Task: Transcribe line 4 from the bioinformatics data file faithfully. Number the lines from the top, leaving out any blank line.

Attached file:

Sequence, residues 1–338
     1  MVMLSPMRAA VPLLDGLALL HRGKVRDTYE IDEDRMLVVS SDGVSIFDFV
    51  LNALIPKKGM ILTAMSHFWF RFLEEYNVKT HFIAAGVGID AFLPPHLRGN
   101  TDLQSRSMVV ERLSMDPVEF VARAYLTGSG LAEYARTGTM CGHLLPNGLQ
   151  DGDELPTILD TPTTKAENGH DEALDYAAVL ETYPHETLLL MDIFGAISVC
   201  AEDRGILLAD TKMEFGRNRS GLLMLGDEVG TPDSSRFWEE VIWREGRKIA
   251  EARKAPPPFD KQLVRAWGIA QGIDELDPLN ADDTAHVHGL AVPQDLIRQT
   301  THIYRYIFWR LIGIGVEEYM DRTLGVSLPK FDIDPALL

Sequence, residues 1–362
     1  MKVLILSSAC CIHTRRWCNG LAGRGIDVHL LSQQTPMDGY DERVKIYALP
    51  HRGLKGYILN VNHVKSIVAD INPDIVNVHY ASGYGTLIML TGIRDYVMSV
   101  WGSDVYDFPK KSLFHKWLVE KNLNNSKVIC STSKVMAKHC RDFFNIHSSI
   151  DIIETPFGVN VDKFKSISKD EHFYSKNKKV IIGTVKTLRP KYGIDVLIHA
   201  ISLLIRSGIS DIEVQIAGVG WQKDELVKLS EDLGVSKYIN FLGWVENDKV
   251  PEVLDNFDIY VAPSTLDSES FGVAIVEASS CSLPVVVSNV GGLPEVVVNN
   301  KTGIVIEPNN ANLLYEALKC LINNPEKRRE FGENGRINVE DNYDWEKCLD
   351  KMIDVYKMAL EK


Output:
   101  TDLQSRSMVV ERLSMDPVEF VARAYLTGSG LAEYARTGTM CGHLLPNGLQ